‘Venom’ is Toxic Without Spider-Man

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Published October 10, 2018
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The Montclarion
A symbiote takes over Eddie Brock, played by Tom Hardy, in Sony Pictures' latest film, "Venom." Photo courtesy of Sony Pictures

After years of reboots with different actors and new characters, Sony Pictures and Marvel Studios sealed a deal that would welcome Spider-Man into the Marvel cinematic universe and mostly free him from Sony’s grasp. So, what does Sony do? They turn to the next best thing with “Venom.”

Spider-Man is one of my all-time favorite comic book characters. Something that makes him so great is the array of supervillains he comes across during his time as the friendly neighborhood hero. Venom is one villain that has not only struck fear into the web slinger’s heart but also to comic book readers all over.

I was opposed to the idea of Venom having his own movie, especially since Spider-Man would be missing from it. However, I was rooting for this movie to do well and was curious to see how it would play out.

To give some background on the character, Venom is a villain who was created when an alien substance, called a symbiote, originally bonded with Peter Parker and caused his strength to increase. Spider-Man later removes the symbiote suit when he discovers that the alien wished to permanently bond with him. After becoming detached from the hero, the symbiote finds Eddie Brock, a depressed journalist that blames his downfall on Parker. Sharing the same rage and hatred for Spider-Man, the symbiote bonded with Eddie, transforming him into the monstrous villain that is known today.

The film took that origin story, threw out the important parts with Spider-Man and kept the rest. “Venom,” directed by Ruben Fleischer and written by Jeff Pinker, Scott Rosenberg and Kelly Marcel, follows Eddie, played by Tom Hardy, a TV journalist that goes after Carlton Drake, played by Riz Ahmed, the suspicious founder of the Life Foundation. While investigating the lab, Eddie bonds with one of the symbiotes and is exposed to super-human powers.

There were some aspects of this movie that I liked. The action scenes were entertaining at times, watching the symbiotes take over their hosts was terrifying. The venom symbiote was both menacing and hilarious as he interacted with Eddie.

However, there were many parts of this movie that I did not enjoy at all. The supporting actors were bland. Michelle Williams’ talent was wasted on a love interest that had zero chemistry with Hardy, and Ahmed played a cliche and boring villain. The relationship Eddie had with the Venom symbiote was at times comical, but overall it was just bizarre. Hardy also delivered an awkward performance that seemed to belong in a comedy rather than a villain’s stand-alone movie.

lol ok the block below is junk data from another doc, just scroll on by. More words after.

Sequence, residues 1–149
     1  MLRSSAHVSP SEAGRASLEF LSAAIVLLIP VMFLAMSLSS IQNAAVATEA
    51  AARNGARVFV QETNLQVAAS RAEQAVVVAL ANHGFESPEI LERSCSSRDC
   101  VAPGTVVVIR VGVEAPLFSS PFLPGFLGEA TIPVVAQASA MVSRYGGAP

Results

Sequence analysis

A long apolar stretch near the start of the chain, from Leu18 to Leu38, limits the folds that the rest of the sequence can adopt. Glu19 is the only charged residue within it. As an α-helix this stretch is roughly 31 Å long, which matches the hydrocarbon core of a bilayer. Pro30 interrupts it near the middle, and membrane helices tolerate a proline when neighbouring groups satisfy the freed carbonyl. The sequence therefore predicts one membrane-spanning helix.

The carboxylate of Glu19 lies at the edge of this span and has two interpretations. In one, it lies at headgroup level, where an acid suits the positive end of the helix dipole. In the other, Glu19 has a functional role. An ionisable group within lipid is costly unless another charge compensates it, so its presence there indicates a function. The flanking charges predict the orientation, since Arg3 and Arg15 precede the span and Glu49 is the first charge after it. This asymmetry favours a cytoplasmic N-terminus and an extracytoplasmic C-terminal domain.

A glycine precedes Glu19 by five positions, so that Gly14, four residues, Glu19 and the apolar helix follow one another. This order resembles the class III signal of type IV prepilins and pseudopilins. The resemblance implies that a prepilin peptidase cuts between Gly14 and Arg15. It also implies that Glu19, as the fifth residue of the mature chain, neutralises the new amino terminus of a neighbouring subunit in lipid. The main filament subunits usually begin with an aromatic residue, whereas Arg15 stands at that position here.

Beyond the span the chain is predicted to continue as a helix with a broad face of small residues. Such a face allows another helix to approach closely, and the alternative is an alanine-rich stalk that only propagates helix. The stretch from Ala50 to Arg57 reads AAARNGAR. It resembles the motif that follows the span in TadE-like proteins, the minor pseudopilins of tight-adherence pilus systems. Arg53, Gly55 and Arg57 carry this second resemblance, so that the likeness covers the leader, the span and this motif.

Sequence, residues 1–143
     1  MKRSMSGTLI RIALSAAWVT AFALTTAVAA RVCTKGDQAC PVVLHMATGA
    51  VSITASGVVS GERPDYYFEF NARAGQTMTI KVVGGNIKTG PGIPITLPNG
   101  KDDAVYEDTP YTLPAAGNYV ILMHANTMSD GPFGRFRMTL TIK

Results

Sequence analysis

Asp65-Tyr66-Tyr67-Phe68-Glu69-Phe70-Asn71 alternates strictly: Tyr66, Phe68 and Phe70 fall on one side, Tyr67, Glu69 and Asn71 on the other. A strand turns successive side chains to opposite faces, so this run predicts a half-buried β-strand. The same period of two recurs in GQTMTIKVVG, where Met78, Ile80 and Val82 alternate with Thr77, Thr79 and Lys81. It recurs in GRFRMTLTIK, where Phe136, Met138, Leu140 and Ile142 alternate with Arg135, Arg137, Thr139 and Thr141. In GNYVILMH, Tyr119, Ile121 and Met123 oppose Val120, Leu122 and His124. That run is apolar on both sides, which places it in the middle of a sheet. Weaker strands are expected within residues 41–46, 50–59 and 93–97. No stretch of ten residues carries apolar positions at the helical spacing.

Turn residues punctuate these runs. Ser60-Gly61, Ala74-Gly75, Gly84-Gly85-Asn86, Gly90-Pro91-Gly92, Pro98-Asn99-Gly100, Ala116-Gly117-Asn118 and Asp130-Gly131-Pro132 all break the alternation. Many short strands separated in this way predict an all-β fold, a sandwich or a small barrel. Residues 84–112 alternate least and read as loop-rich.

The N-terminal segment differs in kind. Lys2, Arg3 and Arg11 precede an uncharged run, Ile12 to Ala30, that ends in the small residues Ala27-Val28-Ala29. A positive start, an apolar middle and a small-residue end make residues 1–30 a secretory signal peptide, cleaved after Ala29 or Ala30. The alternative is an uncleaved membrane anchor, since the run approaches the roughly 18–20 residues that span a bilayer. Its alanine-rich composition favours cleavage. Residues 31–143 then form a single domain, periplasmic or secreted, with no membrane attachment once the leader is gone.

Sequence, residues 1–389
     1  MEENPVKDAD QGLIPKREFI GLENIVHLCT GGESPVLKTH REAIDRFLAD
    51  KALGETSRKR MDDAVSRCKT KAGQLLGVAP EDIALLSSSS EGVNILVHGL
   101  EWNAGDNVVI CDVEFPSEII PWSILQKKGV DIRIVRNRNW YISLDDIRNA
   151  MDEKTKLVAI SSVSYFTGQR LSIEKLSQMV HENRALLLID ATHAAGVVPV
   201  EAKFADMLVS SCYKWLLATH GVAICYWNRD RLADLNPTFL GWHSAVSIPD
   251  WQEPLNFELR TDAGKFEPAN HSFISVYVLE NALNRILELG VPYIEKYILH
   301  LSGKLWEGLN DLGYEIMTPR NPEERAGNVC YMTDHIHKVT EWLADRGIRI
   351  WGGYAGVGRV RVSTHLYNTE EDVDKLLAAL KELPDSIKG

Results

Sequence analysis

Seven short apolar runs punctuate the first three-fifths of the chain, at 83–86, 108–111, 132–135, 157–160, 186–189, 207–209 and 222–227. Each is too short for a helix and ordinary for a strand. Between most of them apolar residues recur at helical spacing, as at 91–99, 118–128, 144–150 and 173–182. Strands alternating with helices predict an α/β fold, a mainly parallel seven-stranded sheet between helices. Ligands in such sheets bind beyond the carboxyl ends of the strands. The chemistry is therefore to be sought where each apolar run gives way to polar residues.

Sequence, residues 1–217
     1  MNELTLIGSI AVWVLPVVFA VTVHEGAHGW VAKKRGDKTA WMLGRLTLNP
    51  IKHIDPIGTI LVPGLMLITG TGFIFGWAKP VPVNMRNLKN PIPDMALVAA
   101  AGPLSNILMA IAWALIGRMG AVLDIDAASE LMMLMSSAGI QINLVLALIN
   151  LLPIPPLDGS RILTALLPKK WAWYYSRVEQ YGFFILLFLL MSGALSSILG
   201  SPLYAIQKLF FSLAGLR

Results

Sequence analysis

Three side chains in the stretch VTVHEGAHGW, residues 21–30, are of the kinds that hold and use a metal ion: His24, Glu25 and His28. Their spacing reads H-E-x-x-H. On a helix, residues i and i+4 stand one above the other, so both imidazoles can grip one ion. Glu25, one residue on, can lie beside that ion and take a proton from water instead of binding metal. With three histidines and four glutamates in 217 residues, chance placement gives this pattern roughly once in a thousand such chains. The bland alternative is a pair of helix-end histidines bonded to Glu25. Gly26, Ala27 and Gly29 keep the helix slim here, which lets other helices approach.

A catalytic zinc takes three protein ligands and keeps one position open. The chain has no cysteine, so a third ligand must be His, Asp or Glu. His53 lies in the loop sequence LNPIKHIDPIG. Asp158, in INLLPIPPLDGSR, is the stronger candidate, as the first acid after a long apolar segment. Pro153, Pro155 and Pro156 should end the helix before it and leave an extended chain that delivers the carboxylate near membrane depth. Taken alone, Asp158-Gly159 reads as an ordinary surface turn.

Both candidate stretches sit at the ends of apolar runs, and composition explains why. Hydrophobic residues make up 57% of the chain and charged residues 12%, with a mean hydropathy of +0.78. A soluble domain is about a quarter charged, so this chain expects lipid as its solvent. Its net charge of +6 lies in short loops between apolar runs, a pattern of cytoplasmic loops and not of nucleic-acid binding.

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Tom Hardy stars as Eddie Brock in “Venom.” Photo courtesy of Sony Pictures

The symbiote speaks to Eddie in his head, constantly berating him and calling him a loser. This dynamic is funny on occasion, but it is never shown how Eddie would begin to appreciate his alien partner, especially when the film wants to portray them as codependent. This comedic relationship seems completely unnecessary and the film would benefit if a more serious direction was taken.

The relationship between Eddie and the symbiote seems to be done much better in the comics. Eddie enjoys the power and uses it to go after Spider-Man. The symbiote shares this passion, which creates a bond that the audience can believe in more.

Sony marketed the character as an antihero, but Venom’s actions in the movie portray him as more of a hero that was forced to follow the lead of the symbiote, in a sort of “Little Shop of Horrors” way. In the film, Eddie was never a vengeful character looking for something to help him punish the person he blames for his misfortune but rather a down-on-his-luck guy who treated the symbiote as an annoying illness.

As a fan of comic books and superheroes, I always love movies that aren’t especially good — take “Daredevil” and “Fantastic Four” as examples. I can see “Venom” falling in the same guilty-pleasure category with those movies, as I was surprised to discover my theater erupt in applause when the credits began to roll. However, I sincerely did not enjoy watching this movie.

“Venom” is a messy, bizarre film filled with weak dialogue and tonal issues. When Venom is shown in his full form, which is a pretty awesome and accurate depiction of the character, I can’t help but imagine him fighting Tom Holland’s Spider-Man. Having Venom and the web-head together on screen would result in a superior story.

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